ORIGINAL

Neurological Sciences

, Volume 25, Issue 4, pp 192- 197

First online:

The role of brain infarcts and hippocampal atrophy in subcortical ischaemic vascular dementia

  • G. GainottiAffiliated withInstitute of Neurology, Catholic University Policlinico Gemelli Email author 
  • , A. AcciarriAffiliated withInstitute of Neurology, Catholic University Policlinico Gemelli
  • , A. BizzarroAffiliated withInstitute of Neurology, Catholic University Policlinico Gemelli
  • , C. MarraAffiliated withInstitute of Neurology, Catholic University Policlinico Gemelli
  • , C. MasulloAffiliated withInstitute of Neurology, Catholic University Policlinico Gemelli
  • , S. MisciagnaAffiliated withInstitute of Neurology, Catholic University Policlinico Gemelli
  • , T. TartaglioneAffiliated withInstitute of Radiology, Catholic University
  • , A. ValenzaAffiliated withInstitute of Neurology, Catholic University Policlinico Gemelli
  • , C. ColosimoAffiliated withInstitute of Radiology, Catholic University

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Abstract.

We investigated if, in patients with vascular lesions, the variable that best discriminated demented from non–demented patients was the severity of the vascular pathology or the degree of hippocampal atrophy. A total of 39 patients multiple subcortical infarcts, who could be considered as possible vascular dementia with small vessel pathology, with underwent a neuropsychological study and brain magnetic resonance imaging (MRI) DSM IV criteria supported by neuropsychological data were used to distinguish demented from non–demented patients. The MRI study took into account the degree of hippocampal atrophy (hippocampal height and interuncal distance) and the severity of vascular pathology (number of brain infarcts). The distribution of lesions and a factor analysis showed that hippocampal atrophy is a better predictor of dementia than the number of brain infarcts. Multiple subcortical infarcts alone are probably not able to cause clinical dementia but the presence of vascular lesions increases the expression of concomitant Alzheimer’s disease.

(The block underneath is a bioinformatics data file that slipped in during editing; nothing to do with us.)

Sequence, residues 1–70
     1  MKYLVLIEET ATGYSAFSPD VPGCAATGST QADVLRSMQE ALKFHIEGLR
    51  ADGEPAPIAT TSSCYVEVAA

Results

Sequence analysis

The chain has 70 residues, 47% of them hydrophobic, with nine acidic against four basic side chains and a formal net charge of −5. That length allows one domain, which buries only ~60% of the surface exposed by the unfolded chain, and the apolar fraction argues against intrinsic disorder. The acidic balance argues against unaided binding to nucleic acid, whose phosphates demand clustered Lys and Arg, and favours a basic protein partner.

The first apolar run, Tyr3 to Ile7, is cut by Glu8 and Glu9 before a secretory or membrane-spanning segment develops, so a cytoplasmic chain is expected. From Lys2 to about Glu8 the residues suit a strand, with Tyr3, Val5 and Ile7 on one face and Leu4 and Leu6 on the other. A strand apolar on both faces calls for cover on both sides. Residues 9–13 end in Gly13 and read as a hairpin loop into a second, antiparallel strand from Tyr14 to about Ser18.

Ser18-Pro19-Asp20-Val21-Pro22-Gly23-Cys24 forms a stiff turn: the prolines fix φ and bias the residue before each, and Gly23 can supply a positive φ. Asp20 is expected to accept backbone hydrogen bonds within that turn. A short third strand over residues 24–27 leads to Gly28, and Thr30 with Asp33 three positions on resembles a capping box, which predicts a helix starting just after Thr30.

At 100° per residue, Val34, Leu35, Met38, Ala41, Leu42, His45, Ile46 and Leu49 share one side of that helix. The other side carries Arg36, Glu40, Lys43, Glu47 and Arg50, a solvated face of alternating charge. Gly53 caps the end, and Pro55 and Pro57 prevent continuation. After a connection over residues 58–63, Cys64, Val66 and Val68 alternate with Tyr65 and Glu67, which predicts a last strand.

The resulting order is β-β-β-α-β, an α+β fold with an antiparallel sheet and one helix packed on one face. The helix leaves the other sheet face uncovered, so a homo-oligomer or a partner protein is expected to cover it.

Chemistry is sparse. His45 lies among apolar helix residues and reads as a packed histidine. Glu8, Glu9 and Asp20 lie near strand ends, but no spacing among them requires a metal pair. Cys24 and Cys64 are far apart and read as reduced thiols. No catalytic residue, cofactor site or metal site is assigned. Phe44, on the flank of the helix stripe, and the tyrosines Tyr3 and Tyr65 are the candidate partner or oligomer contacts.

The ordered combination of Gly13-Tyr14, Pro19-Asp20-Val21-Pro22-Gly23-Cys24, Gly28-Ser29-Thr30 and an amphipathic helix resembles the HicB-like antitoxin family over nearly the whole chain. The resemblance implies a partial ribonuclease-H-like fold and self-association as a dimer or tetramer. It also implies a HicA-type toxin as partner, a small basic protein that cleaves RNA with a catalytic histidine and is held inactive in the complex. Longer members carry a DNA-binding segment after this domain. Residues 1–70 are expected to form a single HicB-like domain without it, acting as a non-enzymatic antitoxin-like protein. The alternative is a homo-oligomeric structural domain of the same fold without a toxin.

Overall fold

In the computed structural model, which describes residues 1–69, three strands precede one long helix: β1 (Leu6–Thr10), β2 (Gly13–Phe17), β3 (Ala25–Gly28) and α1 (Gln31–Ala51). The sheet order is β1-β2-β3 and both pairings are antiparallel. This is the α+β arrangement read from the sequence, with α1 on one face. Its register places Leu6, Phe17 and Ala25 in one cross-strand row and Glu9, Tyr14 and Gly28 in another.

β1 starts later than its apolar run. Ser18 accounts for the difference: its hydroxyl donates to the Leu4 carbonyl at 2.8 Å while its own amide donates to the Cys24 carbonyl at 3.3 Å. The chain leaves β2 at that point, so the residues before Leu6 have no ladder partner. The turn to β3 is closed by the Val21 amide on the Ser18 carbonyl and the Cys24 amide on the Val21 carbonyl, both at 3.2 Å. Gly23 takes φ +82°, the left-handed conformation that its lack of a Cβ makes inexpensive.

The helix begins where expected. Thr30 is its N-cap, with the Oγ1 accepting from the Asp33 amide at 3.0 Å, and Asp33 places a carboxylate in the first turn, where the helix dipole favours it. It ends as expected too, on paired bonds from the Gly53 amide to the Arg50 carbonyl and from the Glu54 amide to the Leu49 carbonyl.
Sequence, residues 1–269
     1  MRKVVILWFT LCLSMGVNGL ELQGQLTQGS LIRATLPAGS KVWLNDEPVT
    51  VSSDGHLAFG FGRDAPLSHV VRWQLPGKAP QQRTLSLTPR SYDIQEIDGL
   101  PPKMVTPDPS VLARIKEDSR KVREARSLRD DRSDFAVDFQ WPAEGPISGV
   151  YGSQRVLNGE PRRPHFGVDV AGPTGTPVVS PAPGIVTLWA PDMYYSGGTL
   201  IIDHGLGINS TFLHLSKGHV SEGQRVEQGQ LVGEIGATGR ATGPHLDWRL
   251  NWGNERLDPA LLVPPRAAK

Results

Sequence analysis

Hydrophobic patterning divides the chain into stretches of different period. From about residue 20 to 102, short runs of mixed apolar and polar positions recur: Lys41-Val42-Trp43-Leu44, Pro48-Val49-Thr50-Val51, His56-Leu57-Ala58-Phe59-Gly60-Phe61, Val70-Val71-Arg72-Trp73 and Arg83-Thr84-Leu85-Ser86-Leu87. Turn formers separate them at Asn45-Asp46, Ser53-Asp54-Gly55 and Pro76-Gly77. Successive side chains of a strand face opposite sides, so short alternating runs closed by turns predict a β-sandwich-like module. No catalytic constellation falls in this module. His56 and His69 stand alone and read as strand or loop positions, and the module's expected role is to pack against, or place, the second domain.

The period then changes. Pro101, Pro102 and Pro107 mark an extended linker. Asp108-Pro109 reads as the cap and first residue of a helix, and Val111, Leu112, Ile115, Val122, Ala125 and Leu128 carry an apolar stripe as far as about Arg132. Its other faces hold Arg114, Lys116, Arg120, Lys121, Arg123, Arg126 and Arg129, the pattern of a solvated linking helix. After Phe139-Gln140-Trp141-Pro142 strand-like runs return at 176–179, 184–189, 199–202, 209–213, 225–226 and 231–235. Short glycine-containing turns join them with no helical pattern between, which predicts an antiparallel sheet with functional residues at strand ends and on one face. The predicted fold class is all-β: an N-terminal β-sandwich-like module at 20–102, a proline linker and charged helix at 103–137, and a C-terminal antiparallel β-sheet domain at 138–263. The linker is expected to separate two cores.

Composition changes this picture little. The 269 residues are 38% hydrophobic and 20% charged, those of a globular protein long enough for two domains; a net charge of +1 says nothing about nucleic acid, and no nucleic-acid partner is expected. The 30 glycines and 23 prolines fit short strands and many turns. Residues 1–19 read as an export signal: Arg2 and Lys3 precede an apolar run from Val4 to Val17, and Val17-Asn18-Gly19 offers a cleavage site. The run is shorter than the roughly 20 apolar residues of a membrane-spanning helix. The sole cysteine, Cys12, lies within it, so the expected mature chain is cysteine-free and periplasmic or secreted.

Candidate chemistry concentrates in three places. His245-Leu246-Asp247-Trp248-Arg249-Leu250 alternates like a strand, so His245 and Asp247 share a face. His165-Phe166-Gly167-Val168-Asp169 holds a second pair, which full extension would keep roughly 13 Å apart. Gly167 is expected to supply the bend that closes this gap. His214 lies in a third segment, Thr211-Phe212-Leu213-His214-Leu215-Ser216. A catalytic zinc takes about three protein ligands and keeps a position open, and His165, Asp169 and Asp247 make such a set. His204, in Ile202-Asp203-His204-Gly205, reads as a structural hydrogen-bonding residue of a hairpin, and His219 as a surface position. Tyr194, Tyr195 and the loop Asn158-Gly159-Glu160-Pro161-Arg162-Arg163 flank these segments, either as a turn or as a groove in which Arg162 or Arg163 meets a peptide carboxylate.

Key words

Multi–infarct dementia Alzheimer’s disease Brain infarcts Hippocampal atrophy